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Why existing VP/MAP guidance had to change…

Posted: 17 December 2020 | | No comments yet

The Food Standards Agency (FSA) Director of Veterinary Services, Jane Clark, discusses recent changes to shelf-life guidance for vacuum-packed chilled pork, beef and lamb.

The FSA Takeaway

I’m sure that by now most readers will have seen the news of the Food Standards Agency’s (FSA) announcement on Thursday 10 December which saw a change to the existing 10-day shelf guidance around vacuum and modified atmosphere packed (VP/MAP) chilled fresh pork, beef and lamb.

This is a big step forward; moving away from a one-size fits all approach and marks the end of a robust review process by the FSA and Food Standards Scotland (FSS).

From now on, food businesses can choose a safe shelf-life for these products in line with their own food safety management systems, in the same way they already do for other types of food, utilising pre-existing internationally recognised industry guidance to support this. We are confident that this will benefit both consumers and industry – continuing to ensure high food safety standards and helping to reduce unnecessary food waste in the process.

We will also be supporting businesses who may not have the appropriate technical expertise and resources to apply the industry guidance, by recognising a new 13-day shelf-life for these products, in line with work carried out by our Advisory Committee on the Microbiological Safety of Food (ACMSF).

It is also important to note that this change applies only to VP/MAP chilled fresh beef, lamb and pork without added ingredients or further processing beyond cutting, packing, chilling, freezing and quick-freezing. It does not apply to any beef, lamb or pork that is subject to further processing such as mincing, cooking or mixing with any other ingredients such as herbs, spices or curing salts.

The guidance is designed to reduce the risk of an outbreak of Clostridium Botulinum, but research has highlighted a lack of cases related to vacuum packed chilled fresh pork, beef and lamb.

This decision was taken thanks to the collation and analysis of a wide range of evidence that includes expert microbiological advice, information on the international regulatory approach, and data on fresh meat products gathered globally over many years. We also carried out an open and transparent public consultation process during October and November this year and took those responses into account.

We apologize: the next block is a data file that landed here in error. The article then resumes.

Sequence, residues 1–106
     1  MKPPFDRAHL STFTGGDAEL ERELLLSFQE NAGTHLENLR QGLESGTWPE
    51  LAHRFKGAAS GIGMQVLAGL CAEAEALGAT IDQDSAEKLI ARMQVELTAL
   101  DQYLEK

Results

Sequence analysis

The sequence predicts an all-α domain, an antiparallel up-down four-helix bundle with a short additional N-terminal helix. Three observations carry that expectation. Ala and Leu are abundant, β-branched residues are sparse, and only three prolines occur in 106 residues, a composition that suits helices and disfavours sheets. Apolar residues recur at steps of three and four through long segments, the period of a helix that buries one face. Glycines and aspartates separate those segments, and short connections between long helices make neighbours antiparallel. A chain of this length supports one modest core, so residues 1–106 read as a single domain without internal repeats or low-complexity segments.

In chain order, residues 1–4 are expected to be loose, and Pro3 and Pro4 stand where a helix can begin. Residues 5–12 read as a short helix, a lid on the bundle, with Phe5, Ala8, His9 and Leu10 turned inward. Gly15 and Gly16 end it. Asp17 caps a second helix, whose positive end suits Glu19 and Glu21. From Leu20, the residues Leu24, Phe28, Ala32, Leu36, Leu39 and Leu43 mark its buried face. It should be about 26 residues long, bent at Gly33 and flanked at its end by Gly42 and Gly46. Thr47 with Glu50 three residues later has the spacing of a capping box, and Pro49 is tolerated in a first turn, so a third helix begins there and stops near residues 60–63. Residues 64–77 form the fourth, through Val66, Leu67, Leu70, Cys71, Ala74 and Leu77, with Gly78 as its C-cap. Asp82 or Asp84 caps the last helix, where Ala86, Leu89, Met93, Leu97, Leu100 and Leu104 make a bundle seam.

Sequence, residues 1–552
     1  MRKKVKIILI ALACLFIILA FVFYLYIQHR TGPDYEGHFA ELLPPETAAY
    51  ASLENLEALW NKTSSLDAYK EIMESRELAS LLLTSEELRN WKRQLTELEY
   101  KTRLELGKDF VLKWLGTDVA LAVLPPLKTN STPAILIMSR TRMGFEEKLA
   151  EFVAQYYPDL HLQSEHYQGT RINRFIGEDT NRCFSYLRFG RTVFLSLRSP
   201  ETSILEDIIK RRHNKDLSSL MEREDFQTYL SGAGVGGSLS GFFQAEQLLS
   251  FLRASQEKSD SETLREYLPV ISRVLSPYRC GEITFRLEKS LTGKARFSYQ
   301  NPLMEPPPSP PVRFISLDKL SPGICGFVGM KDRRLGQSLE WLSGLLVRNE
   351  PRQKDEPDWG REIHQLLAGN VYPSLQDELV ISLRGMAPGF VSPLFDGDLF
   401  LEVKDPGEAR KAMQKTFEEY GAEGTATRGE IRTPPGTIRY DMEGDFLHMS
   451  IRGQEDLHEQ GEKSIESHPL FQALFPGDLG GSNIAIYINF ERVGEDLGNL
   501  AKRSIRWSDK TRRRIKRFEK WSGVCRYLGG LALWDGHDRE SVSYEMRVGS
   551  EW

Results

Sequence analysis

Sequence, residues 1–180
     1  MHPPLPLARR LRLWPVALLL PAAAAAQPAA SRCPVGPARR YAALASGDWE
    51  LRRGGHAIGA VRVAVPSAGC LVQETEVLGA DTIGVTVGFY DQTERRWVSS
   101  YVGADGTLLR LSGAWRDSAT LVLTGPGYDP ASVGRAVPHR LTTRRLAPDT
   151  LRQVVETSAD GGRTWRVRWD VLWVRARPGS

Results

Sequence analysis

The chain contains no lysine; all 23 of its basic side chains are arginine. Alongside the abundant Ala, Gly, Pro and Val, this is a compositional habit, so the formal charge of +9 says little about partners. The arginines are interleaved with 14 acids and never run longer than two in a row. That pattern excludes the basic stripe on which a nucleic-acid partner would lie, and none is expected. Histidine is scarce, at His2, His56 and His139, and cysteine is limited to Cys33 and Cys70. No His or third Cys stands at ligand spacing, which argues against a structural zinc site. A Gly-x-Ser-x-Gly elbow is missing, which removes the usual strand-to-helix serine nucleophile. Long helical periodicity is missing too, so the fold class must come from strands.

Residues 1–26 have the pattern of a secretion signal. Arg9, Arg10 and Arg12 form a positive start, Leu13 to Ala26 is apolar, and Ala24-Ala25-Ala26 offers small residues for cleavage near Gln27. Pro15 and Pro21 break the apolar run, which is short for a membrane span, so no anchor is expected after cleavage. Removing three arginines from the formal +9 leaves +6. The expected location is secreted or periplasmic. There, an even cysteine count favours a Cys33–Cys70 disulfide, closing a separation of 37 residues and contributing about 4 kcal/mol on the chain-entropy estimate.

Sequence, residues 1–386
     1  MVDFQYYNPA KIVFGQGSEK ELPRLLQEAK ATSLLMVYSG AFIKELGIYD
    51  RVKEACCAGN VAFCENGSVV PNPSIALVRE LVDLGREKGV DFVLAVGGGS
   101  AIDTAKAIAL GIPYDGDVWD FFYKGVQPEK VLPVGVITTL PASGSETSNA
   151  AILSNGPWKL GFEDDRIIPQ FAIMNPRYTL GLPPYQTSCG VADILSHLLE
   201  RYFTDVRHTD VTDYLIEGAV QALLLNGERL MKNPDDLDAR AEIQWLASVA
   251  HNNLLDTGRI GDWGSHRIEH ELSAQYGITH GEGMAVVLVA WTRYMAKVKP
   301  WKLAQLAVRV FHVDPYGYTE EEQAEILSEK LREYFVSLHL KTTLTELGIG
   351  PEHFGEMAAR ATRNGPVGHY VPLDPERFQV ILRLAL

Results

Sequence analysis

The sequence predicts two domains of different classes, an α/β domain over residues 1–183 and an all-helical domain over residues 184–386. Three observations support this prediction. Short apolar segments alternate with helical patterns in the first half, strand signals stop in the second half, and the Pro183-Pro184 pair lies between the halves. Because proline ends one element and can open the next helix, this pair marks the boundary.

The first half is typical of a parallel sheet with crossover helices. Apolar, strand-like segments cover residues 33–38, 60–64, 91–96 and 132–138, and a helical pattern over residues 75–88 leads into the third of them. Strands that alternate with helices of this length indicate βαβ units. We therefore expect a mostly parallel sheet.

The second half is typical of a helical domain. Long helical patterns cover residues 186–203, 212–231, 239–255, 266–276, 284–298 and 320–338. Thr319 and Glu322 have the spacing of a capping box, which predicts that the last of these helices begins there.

Over the past six months, I have co-chaired a joint regulator and industry working group with David Lindars from the British Meat Processors Association (BMPA) to review and assess possible changes to this guidance, and I would like to extend my sincere thanks to him and everyone in that group for all their hard work and expertise. This is a great example of a joined-up regulatory conversation between government and industry which the FSA’s Chief Executive, Emily Miles, has spoken about – most recently at the Westminster Food and Nutrition Forum seminar, ‘Developing a new National Food Strategy for England’ in early December.

The FSA is a modern, accountable regulator and we are committed to maintaining the highest food safety and standards by understanding the environment that we are regulating and applying robust risk analysis and management processes to protect public health.

I am delighted by the warm welcome our announcement has received. I look forward to continuing to work closely with industry representatives in the future, and continuing to ensure food safety remains the cornerstone of all our efforts.

About the author

Jane Clark has been the Director of Veterinary Services at the FSA since August 2018. She graduated as a vet from Edinburgh University in the 1990s, and has since had an interesting and varied veterinary career. This started with a post graduate project in Oman, working in general practice in the UK, New Zealand, and Hong Kong. Jane also studied veterinary acupuncture before working as a Temporary Veterinary Inspector for the then State Veterinary Service (SVS) during the 2001 foot and mouth disease outbreak.

Within Defra and APHA she has held roles in the operations, policy, veterinary and science directorates. This included working as Defra’s Head of EU Relations for Animal Health and Welfare from 2012-2015, as the Veterinary Lead for Avian Virology in the UK’s National Reference Laboratory at APHA, Weybridge, and, most recently, one of APHA’s Veterinary Leads in Wales.

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